Lawmakers are concerned that even though taxpayers funded the vaccine’s development, they may be priced out of being able to afford it if Sanofi is given an exclusive license.
Nearly a dozen members of Congress are urging the US Army not to issue an exclusive license to Sanofi Pasteur to develop a vaccine for the Zika virus over concerns the product may be priced too high for many Americans, even though it was developed with taxpayer funds. “In order to ensure that the investment made by taxpayers was worthwhile, it is critical that we ensure the vaccine to prevent against the Zika virus is accessible to anyone who requires it,” the lawmakers wrote on Wednesday in a letter to Robert Speer, the Acting Secretary of the Army.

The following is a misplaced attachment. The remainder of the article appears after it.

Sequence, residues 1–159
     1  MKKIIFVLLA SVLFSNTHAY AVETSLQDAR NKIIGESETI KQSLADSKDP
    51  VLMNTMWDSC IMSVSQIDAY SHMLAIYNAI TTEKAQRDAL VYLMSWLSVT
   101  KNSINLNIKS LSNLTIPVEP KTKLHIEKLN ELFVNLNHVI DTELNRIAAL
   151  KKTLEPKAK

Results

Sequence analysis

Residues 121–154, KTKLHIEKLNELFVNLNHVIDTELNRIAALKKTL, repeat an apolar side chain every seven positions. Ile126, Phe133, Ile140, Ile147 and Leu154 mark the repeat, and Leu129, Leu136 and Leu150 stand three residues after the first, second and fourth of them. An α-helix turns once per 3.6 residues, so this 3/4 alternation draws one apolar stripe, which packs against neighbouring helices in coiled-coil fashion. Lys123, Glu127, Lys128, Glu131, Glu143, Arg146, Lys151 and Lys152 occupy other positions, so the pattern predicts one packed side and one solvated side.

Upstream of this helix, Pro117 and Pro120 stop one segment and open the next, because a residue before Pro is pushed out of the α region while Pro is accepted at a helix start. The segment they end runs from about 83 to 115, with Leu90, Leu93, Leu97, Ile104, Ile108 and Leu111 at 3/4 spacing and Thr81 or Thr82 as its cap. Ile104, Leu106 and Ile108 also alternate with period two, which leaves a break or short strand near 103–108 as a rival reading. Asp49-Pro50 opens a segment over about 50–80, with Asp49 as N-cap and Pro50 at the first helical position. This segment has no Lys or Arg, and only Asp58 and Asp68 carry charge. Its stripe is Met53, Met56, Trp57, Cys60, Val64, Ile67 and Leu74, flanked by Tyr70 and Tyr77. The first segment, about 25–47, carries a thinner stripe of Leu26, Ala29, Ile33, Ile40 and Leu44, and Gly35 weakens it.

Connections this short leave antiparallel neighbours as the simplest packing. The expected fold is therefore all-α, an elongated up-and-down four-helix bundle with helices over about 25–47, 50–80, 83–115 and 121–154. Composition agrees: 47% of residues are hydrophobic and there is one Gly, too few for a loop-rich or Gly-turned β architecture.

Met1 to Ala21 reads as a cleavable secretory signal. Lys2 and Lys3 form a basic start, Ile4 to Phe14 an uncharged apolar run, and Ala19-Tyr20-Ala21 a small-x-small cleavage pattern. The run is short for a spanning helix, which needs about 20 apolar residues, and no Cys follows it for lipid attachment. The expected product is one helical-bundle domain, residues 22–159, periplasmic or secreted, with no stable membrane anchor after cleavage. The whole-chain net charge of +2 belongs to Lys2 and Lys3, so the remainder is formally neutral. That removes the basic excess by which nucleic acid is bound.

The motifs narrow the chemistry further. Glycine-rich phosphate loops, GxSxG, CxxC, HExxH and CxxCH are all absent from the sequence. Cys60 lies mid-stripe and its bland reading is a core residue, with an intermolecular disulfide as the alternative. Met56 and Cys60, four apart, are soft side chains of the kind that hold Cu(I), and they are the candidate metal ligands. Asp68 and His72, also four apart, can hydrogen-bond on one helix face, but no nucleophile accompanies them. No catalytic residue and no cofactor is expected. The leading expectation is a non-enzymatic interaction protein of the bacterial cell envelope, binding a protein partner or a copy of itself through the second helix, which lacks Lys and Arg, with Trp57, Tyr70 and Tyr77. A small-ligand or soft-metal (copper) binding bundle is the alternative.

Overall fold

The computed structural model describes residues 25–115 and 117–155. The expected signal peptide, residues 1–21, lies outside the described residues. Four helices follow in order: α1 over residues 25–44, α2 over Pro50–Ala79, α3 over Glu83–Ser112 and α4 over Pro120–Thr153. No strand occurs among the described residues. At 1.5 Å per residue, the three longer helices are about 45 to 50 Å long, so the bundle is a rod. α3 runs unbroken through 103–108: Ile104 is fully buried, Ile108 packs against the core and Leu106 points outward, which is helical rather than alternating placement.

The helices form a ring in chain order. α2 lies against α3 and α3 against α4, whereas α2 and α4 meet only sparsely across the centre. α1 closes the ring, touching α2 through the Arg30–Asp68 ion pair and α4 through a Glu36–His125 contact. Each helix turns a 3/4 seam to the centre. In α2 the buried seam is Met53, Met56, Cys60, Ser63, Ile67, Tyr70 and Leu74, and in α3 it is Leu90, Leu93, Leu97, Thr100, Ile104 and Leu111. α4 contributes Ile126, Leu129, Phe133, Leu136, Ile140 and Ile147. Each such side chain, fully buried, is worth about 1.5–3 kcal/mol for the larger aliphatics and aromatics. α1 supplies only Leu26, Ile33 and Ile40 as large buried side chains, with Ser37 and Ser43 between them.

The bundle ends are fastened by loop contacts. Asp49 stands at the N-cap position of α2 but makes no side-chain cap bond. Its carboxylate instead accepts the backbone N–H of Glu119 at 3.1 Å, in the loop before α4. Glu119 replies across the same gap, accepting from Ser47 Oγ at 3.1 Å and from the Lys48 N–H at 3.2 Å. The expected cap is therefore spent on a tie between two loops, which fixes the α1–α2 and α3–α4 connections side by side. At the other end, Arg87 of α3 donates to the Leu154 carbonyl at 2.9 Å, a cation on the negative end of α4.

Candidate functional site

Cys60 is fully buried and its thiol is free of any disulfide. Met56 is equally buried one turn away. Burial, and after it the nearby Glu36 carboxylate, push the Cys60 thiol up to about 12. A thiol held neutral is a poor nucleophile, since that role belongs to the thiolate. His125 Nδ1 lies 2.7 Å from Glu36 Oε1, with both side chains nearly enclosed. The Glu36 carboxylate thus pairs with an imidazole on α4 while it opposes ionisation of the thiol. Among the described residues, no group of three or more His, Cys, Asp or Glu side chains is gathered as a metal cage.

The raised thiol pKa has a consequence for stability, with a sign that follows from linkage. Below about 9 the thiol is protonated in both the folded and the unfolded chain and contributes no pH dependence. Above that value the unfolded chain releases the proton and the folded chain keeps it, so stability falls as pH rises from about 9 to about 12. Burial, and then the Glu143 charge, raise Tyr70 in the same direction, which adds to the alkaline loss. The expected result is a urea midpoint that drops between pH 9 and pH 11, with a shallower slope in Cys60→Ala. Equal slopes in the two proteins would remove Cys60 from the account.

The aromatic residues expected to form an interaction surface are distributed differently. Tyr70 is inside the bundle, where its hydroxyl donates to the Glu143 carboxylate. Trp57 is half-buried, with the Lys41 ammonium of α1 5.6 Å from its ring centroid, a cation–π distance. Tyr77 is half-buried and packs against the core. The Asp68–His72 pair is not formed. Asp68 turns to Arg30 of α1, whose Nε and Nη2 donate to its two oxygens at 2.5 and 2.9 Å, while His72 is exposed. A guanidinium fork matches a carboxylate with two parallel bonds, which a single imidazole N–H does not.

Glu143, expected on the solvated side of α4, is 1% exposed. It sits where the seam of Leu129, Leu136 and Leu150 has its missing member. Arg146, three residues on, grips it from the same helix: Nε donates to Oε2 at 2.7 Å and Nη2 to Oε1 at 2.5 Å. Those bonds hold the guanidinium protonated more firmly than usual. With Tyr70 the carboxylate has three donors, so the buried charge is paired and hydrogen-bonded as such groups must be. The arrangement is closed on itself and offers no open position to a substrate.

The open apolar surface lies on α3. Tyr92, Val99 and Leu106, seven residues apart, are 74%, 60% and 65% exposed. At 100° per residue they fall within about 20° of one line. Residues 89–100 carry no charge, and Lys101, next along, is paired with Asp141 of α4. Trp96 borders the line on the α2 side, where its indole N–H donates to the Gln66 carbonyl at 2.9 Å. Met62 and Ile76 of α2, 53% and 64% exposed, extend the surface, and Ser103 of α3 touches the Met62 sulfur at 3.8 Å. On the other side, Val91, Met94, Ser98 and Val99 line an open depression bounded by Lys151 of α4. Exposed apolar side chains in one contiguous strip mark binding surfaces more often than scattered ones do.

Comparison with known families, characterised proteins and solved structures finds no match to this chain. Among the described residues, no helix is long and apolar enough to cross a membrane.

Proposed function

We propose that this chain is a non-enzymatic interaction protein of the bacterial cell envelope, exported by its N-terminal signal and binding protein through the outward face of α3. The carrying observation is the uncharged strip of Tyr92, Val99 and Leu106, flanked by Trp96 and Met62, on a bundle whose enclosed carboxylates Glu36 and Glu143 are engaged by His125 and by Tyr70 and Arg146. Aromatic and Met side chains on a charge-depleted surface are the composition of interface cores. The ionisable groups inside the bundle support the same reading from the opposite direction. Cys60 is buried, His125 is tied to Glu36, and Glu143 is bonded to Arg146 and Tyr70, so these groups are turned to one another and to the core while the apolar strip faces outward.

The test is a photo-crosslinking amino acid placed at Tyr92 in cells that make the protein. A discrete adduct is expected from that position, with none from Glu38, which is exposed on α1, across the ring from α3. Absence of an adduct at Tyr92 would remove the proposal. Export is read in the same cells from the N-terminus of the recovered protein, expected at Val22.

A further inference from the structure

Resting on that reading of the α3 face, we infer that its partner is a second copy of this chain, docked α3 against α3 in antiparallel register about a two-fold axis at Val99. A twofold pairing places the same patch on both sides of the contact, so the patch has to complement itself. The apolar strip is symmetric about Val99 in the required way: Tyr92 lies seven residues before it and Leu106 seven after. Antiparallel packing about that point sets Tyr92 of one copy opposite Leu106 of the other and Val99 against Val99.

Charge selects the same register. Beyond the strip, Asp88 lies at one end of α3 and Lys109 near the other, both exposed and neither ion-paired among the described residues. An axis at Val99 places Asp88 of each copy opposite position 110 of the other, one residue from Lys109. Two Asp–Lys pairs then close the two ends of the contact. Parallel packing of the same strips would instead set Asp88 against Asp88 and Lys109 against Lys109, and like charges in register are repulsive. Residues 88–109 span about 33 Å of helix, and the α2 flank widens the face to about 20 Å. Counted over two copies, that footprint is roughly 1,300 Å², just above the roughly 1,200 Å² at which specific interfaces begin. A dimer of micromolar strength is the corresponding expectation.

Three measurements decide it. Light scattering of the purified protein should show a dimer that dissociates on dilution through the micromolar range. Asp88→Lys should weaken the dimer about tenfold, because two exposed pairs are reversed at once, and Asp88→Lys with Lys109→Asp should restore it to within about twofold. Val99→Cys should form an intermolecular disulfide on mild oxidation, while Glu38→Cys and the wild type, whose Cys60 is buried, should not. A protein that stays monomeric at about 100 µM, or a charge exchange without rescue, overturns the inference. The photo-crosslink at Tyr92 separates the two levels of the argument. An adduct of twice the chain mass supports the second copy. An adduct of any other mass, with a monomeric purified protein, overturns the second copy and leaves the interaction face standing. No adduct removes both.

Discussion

As warmer temperatures herald the arrival of pesky mosquitoes, researchers are feverishly working on several promising vaccines against Zika, a virus notorious for infecting humans through this insect’s bite. The speed and debilitating effects of last year’s Zika outbreak in the Western Hemisphere prompted a sprint to develop a vaccine. Just a little more than a year after the pandemic was declared a global health emergency, a handful of candidates are undergoing preliminary testing in humans.”